Mudding : The Joy of Getting Stuck

Tires-Easy Cooper Tires, Just For Fun, Light Truck Tires, Mud Tires

Mudding : One of the great joys of having a truck, Jeep, or 4×4, that tiny car owners will never experience. But, like those cars trying to go through grime, there will come a time when your vehicle will get stuck. How, then, do you get out of the sticky situation? You have a few options. But first, a brief aside.

Gauge the mud

With hundreds of types of mud, it’s important to stop and gauge the mud.
● Is it fresh?
● Have other off-roaders gone through it, leaving ruts?
● How wet is it?
● How deep?
● Are there rocks hiding in the mud?

While you will most likely get stuck at some point, knowing the conditions will help you avoid spinning your wheels more often than not, or at least give you a clue on how to get out. Do your research on the area before heading in, and make sure you have proper equipment. Proper tires, like these Cooper Discoverer tires designed for the mud; a winch and tow straps; water to cool your radiator; extra fuel; a portable air compressor. You can learn more of what you should take off-roading with you here.

Rock, but don’t spin the tires

Your 4×4 or truck will inevitably get stuck. The first thing you should do is throw it into reverse, then lock your differential (if applicable) and slowly accelerate, keeping the wheels straight.

If you are still stuck, shift into low, and slowly accelerate forward. If your tires continue to spin, turn the tires to the side – the edges on the treads should hopefully get grip. If you are able to get out of the rut and continue forward, keep giving the car gas. Do not keep the wheels spinning – you’ll do more harm than good, and likely overheat your radiator, which is also why you should carry extra water.

If you have passengers, have them get out and push, especially while you go forward. This also lowers the weight. Also key – unless the ruts have dried out, avoid them. Chances are, you’ll be more likely to get stuck, and have to start the rocking back-and-forth process all over.

Get a grip

If rocking back-and-forth doesn’t work, try adding traction. If you have a truck with rear-wheel drive, you can add traction by putting weight over the rear axle. Rocks in a cooler can get the job done.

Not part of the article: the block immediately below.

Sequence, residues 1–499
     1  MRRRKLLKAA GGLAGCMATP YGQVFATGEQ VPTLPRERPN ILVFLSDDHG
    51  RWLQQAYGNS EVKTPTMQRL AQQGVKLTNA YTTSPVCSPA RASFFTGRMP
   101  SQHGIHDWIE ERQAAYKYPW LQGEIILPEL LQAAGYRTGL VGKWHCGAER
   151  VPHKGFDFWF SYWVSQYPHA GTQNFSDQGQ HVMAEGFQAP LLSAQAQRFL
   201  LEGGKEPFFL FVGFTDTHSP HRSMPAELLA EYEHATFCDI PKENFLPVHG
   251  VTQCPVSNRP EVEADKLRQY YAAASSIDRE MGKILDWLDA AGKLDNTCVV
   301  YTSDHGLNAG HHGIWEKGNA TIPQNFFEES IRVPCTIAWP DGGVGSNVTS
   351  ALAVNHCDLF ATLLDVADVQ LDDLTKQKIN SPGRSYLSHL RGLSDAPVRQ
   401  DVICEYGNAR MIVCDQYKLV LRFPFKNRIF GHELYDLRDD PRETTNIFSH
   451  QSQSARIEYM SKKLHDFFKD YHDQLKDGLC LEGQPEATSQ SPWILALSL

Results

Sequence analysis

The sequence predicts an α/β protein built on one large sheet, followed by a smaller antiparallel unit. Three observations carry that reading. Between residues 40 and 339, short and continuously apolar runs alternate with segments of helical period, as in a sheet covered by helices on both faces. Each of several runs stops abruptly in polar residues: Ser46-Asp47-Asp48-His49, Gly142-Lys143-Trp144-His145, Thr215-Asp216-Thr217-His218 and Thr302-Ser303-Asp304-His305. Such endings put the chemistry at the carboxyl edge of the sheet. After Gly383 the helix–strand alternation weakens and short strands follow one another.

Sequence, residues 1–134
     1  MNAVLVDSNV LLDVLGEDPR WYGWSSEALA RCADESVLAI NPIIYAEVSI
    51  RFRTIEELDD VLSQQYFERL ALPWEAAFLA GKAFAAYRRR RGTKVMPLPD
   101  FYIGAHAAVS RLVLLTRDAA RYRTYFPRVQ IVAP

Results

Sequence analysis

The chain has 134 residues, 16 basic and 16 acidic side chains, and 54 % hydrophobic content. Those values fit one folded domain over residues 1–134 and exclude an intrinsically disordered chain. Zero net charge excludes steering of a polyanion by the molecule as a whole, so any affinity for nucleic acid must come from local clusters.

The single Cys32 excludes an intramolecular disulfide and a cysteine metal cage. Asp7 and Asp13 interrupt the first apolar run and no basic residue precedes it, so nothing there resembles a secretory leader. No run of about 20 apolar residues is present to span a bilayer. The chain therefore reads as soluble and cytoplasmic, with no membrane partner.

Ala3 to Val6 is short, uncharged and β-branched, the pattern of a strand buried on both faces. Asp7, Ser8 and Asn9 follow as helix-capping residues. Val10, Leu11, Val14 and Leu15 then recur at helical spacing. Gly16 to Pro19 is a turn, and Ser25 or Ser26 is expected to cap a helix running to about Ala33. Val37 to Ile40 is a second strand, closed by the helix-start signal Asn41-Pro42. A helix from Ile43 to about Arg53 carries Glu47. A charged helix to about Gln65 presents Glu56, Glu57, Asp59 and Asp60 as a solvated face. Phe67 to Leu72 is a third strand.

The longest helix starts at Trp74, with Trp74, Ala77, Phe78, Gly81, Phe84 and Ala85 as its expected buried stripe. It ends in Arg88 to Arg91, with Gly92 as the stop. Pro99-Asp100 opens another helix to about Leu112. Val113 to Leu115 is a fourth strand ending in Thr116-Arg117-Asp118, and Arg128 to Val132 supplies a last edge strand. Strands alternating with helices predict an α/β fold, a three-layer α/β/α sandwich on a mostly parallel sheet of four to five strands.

Otherwise, place solid, dry objects in front or behind the tire – whichever direction you want to go in. Rocks, tree limbs and wooden planks are perfect for this. If you don’t mind ruining a floor mat from your car, that can also provide necessary traction. You can use a jack to lift the car slightly out of the mud and put the tree limbs or boards under the tires.

Next, drop the pressure in your tires to about 20 psi. This flattens out the tire, providing more traction. Be sure to reinflate the tire with the portable air compressor before you get back on the road, otherwise you will likely do major damage to the wheels.

Reel it in

There are competitions where 4×4 drivers intentionally get stuck in the mud on a designated course. They then use winches to get close enough to a hole punch on a lanyard to punch a card. The driver with the most punches at the end of the time period wins the competition.

Winches can get you out of very sticky situations. You can wrap a tow strap around a tree, or use a land anchor to use the ground itself to pull out. Obviously, you will need solid ground for this. If possible, put a blanket, jacket, or bag over the center of the tow cable. If it snaps, the weight of the bag, heavy coat, etc. will help guard against the cable whipping around.


When all else fails, it’s good to have a friend to help tow you out of trouble. It is, however, important to keep the number of vehicles to a minimum. Too many recovery vehicles could tear up the ground, making it harder to recover your vehicle.

Do not attach the tow straps or webbing to the the bumper, axles, hitch ball, or any parts of the suspension. Stick to the tow hitch, hooks mounted to the frame, or even the frame itself. These parts are not as easily damaged.

This approach requires planning and coordination. It’s possible that the recovery car also gets stuck, if you don’t assess the situation first. Momentum is key here, to keep both cars going and not get stuck – which is solid advice for mudding in general. Both cars should accelerate at the same time. Despite the urge, you should not gun it. Make sure any passengers or bystanders are a few car lengths away, in case the strap snaps. And, if this fails, be sure to have a GPS locater for rescue purposes, and a way to communicate. This could be a satellite phone, or just a regular cell phone, so long as you have reception.

Using these methods, you should be able to get yourself out of the mud and back to off-roading in no time. Just be sure to always have a buddy with you, and always have some form of communication, and enjoy your off-road adventure!

Exclusive Member Discounts!

Create an account for free on and check out the discounted prices on a great selection of tires.

It's only fair to share...Share on Facebook
Tweet about this on Twitter
Share on LinkedIn
Pin on Pinterest
Email this to someone